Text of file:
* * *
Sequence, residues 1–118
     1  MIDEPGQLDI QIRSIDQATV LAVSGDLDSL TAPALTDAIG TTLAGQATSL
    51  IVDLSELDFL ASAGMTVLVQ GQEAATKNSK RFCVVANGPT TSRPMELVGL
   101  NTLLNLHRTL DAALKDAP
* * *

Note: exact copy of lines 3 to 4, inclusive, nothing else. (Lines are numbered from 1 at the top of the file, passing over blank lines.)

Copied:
    51  IVDLSELDFL ASAGMTVLVQ GQEAATKNSK RFCVVANGPT TSRPMELVGL
   101  NTLLNLHRTL DAALKDAP